Molly Crockett: How Social Media Amplifies Moral Outrage

Profile: Dr. Molly Crockett, Assistant Professor of Psychology at Yale University and Lab Director of the Crockett Lab, New Haven, CT, USA.

If moral outrage is a fire, is the internet like gasoline? 

Historically, moral outrage – and its prosocial benefits – evolved in the context of small-scale societies where face-to-face communication was the most common form of social interaction.

But what happens when moral outrage plays out in a different sphere – like the digital world? 

Neuroscientist Molly Crockett and her Yale-based lab have been investigating how moral outrage - the expression of anger and disgust at the violation of a moral standard - plays out on social media and contrasting this with how it has traditionally been expressed in non-digital social settings. More broadly, they are aiming to address the question: is moral outrage in the digital age a threat to democracy? 

Dr. Crockett believes that the online sphere could be fuelling the fire of moral outrage in at least two ways. First, it’s increasing the frequency with which we are exposed to moral outrage. People report learning about immoral acts more frequently from online media than other media forms such as print, television and radio (Crockett, 2017). As people devote more and more time and attention to online material, moral outrage is increasingly becoming part of their day-to-day experience. Second, it’s increasing the spread of moral outrage. Nothing goes viral like morally outrageous content.  Research has shown that anger is the most predictive factor in determining what makes content spread (Berger & Milkman, 2012). Moreover, in a study looking at tweets on gun control, same sex marriage and climate change every moral-emotional word in a tweet increased its likelihood of being shared by 20% (Brady et al. 2017). Given the tendency of morally outrageous content to make such effective click-bait, the promotion of moral outrage could be a particularly lucrative strategy for advertising companies and online platforms that earn revenue from capturing attention. 

But what about the reasons why people engage in moral outrage - does this differ in the digital age? According to Dr Crockett, the dominant framework for understanding why moral outrage in evolved in human society has tended to focus on its ability to promote prosocial behaviour, such as cooperation within groups. Many lab experiments have repeatedly shown that  people are more likely to cooperate when punishment of norm violation is possible. However, more recent evidence suggests that people don’t only express moral outrage to benefit the wider social group. Often personal rewards come into play - such as the personal satisfaction of ‘taking revenge’ (Crockett et al. 2014), and the boost to your own reputation for being seen to be upholding and enforcing a moral norm (Barclay et al. 2006; Jordan et al. 2016). 

Digital platforms, Dr. Crockett argues, have the potential to amplify the personal benefits from expressing moral outrage. Reputational benefits - which accrue to the individual - can be much larger on an online platform where the audience can be orders of magnitude larger than the offline sphere. Further, the personal costs and risks of punishing immoral behavior on digital platforms are considerably lower.  Options for punishing a wrongdoer in the offline world include things like gossip, verbal confrontation and physical aggression, which involve increasing degrees of effort and risk of retaliation. In contrast, online options such as retweeting content, or signalling disgust via negative emojis or comments can be performed with the click of a button. Moreover, people can punish from behind the protection of their screen and take refuge in the safety in the masses of other online participants.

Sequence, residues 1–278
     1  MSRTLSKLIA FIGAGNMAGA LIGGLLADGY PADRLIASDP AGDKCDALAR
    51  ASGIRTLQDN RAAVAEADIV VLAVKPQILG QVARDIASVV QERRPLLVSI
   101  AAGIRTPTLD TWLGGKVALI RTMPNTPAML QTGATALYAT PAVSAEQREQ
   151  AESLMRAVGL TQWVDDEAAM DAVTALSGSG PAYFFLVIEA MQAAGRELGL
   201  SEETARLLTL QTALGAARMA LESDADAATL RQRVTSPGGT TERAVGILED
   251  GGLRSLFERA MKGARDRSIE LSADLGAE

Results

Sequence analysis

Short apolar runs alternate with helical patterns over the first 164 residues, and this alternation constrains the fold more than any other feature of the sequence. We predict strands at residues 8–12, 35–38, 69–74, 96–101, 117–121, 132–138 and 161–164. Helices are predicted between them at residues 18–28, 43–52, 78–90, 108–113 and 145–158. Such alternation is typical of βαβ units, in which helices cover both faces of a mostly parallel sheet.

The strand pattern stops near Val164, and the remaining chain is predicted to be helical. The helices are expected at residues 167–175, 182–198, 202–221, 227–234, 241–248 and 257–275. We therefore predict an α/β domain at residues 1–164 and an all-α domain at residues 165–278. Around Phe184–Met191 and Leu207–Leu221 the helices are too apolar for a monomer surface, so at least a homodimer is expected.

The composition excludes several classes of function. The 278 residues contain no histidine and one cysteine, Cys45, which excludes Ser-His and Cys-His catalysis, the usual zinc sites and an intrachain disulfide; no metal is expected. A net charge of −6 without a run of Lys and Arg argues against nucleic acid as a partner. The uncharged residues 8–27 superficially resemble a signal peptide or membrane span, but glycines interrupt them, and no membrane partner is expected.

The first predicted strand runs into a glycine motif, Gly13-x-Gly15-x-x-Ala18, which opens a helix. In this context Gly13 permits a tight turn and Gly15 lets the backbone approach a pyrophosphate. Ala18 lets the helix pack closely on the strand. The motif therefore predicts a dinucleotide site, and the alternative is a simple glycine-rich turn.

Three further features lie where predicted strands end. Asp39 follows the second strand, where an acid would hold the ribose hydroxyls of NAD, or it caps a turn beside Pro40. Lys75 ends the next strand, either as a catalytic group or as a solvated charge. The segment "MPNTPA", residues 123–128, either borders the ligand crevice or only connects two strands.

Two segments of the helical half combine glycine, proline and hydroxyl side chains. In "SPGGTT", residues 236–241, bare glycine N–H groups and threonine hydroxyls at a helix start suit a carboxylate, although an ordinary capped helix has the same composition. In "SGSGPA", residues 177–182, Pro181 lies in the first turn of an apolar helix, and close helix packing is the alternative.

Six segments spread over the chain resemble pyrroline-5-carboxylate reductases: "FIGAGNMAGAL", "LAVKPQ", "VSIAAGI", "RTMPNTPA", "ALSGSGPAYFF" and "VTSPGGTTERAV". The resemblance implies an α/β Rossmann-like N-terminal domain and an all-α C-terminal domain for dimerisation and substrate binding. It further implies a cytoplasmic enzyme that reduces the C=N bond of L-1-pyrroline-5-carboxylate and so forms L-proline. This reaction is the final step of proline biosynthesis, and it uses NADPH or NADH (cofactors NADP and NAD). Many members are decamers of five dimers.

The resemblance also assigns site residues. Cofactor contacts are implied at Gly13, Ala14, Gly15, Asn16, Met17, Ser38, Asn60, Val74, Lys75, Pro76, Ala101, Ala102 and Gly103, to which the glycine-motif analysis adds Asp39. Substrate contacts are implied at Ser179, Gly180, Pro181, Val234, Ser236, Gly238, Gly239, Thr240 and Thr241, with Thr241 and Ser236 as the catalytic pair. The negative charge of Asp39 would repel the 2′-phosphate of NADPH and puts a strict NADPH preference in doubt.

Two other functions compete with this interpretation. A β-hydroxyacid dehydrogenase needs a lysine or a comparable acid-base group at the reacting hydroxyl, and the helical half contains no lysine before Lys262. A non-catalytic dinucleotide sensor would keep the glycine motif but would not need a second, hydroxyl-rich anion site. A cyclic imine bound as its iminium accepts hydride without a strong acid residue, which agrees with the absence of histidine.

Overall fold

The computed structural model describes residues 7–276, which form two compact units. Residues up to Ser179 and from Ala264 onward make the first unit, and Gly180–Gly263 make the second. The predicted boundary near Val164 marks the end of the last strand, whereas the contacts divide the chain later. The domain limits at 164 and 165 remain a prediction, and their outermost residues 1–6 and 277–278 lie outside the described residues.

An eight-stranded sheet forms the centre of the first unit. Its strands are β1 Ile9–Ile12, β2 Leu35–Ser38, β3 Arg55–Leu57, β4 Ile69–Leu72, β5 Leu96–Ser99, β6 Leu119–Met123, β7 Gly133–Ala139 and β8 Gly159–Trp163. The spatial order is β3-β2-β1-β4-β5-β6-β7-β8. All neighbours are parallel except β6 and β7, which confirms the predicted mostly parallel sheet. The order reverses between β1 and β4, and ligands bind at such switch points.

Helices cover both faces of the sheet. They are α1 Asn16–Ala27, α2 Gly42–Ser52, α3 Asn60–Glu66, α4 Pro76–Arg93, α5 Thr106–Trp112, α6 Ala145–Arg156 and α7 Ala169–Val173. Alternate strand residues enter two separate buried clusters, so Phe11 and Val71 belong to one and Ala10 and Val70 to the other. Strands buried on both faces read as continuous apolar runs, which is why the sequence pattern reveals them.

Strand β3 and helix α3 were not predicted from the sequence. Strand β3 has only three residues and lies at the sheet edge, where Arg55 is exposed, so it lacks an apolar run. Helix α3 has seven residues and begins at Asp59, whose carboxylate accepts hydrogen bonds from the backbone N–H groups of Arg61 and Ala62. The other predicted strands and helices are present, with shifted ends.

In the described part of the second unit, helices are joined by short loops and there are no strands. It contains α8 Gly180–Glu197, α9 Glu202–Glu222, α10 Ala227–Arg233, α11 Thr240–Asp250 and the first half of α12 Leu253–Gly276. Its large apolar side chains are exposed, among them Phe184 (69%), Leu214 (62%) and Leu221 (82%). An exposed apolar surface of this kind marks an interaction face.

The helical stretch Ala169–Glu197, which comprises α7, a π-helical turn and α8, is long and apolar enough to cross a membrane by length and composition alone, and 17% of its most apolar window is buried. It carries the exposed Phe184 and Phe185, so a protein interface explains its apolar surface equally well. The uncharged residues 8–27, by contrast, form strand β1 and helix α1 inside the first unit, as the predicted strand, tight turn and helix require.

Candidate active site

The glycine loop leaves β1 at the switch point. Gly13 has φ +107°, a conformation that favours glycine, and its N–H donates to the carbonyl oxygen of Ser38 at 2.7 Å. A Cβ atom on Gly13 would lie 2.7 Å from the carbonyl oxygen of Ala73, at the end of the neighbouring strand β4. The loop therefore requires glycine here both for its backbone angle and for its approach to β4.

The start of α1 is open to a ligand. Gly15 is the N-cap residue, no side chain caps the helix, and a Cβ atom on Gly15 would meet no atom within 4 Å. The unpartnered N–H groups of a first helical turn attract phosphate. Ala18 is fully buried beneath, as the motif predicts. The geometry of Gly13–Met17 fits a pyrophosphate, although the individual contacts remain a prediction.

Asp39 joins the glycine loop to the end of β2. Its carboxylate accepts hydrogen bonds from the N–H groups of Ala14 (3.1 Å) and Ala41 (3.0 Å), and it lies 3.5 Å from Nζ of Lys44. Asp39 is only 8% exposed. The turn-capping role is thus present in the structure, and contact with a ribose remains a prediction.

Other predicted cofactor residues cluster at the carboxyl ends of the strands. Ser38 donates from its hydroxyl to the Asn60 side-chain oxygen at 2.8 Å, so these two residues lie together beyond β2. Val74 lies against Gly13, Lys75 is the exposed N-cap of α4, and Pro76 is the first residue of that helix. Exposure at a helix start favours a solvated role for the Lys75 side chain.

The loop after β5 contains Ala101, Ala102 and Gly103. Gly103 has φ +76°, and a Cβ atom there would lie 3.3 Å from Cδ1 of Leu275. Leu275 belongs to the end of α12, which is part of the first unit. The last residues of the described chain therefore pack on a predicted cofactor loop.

However, Dr. Crockett also stresses that digital platforms can also potentially reduce the social benefits from moral outrage. A key social function of outrage is to identify behaviours that need to be discouraged in society. However, if digital mediums (i) make it much easier to express outrage, or (ii) change the incentives for expressing outrage, then it could become much more difficult to separate a pro-social signal from the noise. 

There is a growing concern that social media platforms, as they are currently designed, threaten democracy by spreading disinformation, accelerating political polarization, and disrupting the public square (Deb, Donohue & Glaisyer 2017). Dr. Crockett hypothesizes that these threats – if they indeed exist – can be at least partly explained by the tendency of social media to amplify moral outrage. Dr. Crockett and her team are currently investigating this possibility through a combination of laboratory experiments and analyses of social media data.

To learn more visit: 


Barclay, P. (2006). Reputational benefits for altruistic punishment. Evolution and Human Behavior, 27(5), 325-344.

Berger, J., & Milkman, K. L. (2012). What makes online content viral?. Journal of marketing research, 49(2), 192-205.

Brady, W. J., Wills, J. A., Jost, J. T., Tucker, J. A., & Van Bavel, J. J. (2017). Emotion shapes the diffusion of moralized content in social networks. Proceedings of the National Academy of Sciences, 114(28), 7313-7318.
Crockett, M. J. (2017). Moral outrage in the digital age. Nature Human Behaviour, 1(11), 769.

Deb, A., Network, O., Donohue, S., Glaisyer, T., & Fund, D. (2017). Is Social Media a Threat to Democracy?. Omidyar Group. pdf

Jordan, J. J., Hoffman, M., Bloom, P., & Rand, D. G. (2016). Third-party punishment as a costly signal of trustworthiness. Nature, 530(7591), 473.


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